Our failure to act on housing more sustainably is a major source of Kenya’s economic instability. If the problem of housing is not addressed, the situation could get worse.
I got to this conclusion after an interview with Tengo and Samuel. Both are in their early 30s, work in the public sector and commute daily from one of the emerging peri-urban estates. Their savings and credit co-operative (Sacco) helped them acquire the one-eighth piece of land that they are building homes on to avoid rent.
Like many Kenyans running away from rental homes, they have been living in half-finished homes. In their upcoming neighbourhood, common infrastructure like water, power, roads and sewerage does not exist and they have no idea whose responsibility it is to ensure it is done. The county governor thinks his responsibility ends with natives and the national government thinks its is the governor’s jurisdiction.
Security is increasingly becoming a nightmare. Some young men terrorise residents so much that security has become a major concern in Tengo’s house. The wife wants to move out into the city for the safety of their daughter.
As it is the seven-year-old has to be up at 4 am and on the road in order to be in school by 8 am. She spends a minimum of five hours daily commuting with her parents to the city where the schools are better.
Samuel, on the other hand, wants to lease his house and move to the city until more people move into the neighbourhood. The problem is that the house is not complete and no one is interested in living where there is insecurity.
Transport cost eats up to more than 40 percent of Samuel’s salary. As you drive to Tengo and Samuel’s homes, you are greeted by many unfinished homes, rotting roofs and overgrown grass, all signs that no one has visited the homes for years.
This is money Kenyans have buried that is not bringing any form of return. It is dead capital, not of the rural kind that I once wrote about, but of a the urban variety.
It is a similar story in many of the emerging residential areas surrounding the city of Nairobi. Billions of shillings are tied up in assets that do not yield returns.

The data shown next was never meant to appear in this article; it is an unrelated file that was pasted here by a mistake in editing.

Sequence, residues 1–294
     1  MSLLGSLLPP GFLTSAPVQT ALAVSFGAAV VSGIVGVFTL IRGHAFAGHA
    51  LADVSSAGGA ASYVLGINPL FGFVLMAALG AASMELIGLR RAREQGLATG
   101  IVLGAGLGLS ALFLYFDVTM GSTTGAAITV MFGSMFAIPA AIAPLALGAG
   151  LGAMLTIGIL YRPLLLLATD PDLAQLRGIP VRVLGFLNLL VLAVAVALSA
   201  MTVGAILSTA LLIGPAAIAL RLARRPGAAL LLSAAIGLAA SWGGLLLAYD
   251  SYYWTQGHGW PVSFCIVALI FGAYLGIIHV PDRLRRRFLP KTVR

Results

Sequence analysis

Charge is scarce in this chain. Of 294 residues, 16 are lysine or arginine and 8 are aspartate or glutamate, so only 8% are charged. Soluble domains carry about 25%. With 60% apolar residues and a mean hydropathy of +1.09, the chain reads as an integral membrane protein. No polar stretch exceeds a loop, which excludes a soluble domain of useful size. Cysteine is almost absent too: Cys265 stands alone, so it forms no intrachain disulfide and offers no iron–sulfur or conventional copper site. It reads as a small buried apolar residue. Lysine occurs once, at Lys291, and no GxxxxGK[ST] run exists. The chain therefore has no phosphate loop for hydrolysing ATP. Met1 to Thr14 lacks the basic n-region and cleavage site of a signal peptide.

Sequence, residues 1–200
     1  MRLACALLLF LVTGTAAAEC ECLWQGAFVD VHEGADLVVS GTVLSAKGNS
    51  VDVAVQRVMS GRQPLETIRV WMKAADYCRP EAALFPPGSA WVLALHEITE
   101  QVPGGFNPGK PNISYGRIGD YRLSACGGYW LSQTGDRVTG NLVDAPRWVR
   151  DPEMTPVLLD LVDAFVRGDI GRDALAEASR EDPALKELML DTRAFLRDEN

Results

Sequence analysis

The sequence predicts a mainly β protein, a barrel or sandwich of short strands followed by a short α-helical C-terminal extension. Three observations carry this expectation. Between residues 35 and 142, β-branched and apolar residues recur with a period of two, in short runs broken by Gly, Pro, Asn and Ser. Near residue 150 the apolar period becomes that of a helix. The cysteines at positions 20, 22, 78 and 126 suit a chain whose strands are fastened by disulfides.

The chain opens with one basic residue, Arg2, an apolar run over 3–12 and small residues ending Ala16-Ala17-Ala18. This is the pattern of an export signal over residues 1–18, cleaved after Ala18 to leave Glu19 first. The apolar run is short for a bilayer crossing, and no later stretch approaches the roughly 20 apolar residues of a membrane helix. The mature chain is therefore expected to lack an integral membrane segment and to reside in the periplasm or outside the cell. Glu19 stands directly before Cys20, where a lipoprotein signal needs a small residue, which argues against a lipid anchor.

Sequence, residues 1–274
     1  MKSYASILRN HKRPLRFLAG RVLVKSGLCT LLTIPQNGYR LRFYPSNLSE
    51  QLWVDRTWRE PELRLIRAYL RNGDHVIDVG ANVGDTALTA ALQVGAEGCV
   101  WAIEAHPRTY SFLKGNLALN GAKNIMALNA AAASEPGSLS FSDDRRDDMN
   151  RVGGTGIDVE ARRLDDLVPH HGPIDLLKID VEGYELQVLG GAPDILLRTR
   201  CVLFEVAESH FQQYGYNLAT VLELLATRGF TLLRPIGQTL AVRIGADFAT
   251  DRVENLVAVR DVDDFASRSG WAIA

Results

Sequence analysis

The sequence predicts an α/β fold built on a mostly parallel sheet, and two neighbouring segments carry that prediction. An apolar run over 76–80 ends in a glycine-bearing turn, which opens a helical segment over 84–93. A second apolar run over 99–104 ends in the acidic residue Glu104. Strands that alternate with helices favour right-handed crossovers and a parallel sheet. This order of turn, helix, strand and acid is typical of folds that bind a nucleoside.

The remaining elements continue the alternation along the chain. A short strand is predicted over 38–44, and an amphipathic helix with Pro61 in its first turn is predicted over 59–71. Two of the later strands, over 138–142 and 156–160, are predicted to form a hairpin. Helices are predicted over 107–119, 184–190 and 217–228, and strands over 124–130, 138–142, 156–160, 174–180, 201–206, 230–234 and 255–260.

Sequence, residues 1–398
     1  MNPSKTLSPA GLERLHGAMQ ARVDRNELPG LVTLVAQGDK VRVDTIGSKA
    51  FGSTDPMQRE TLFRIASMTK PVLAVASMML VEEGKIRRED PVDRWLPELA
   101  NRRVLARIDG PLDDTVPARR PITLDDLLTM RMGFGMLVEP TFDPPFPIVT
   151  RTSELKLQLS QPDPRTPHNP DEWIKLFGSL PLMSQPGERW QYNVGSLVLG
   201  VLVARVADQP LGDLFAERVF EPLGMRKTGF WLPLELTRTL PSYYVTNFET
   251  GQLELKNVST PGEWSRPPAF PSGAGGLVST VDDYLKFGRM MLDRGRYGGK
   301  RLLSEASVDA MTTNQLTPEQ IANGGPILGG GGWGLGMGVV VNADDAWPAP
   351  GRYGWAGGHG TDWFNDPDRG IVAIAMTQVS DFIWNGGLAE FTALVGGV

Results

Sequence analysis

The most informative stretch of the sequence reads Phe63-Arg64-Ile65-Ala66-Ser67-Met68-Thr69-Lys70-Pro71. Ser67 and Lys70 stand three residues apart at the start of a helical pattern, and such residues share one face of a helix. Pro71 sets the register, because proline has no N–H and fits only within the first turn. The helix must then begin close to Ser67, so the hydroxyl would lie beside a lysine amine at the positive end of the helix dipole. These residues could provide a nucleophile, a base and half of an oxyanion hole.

Productive land has been chopped into one-eighth-acre plots, which is bound to exacerbate food insecurity. Commodities like coffee, tea and other cash crops are being mowed down to create room for unplanned structures that will cost a fortune in the future to correct.
Former President Mwai Kibaki had foreseen an urban crisis emerging when he created a Ministry for Nairobi Metropolitan Development (MNMD) whose mandate was to develop a master plan to guide the development of the Nairobi Metropolis as well as transportation, environment and economic empowerment. This was in recognition of the fact that the metropolitan region’s population was to rise from 7.6 million in 2012 to 10.8 million and 14.3 million in 2022 and 2030 respectively.
In 2017, President Uhuru Kenyatta created Nairobi Metropolitan Area Transport Authority (Namata) as the successor to the ministry to ostensibly “formulate a sustainable integrated public transport strategy based on the development of a sustainable urban mobility plan that will be the basis for the orderly and structured development of the proposed Metropolitan Area mass-transit system, which incorporates both bus rapid-transit and commuter rail.”
Although Namata will address transport issues, it does not tackle the housing problem as envisaged in MNMD, which was to regenerate, infill and densify inner city areas such as Makadara, Bahati, California, Kariokor as well as outlying areas such as Dagoretti, Kasarani and Njiru to take in more people within the proximity of Nairobi City.
Unless the government moves ahead of the current Wild West type of investments, the economy will continue to be stunted, with money tied up in non-productive assets.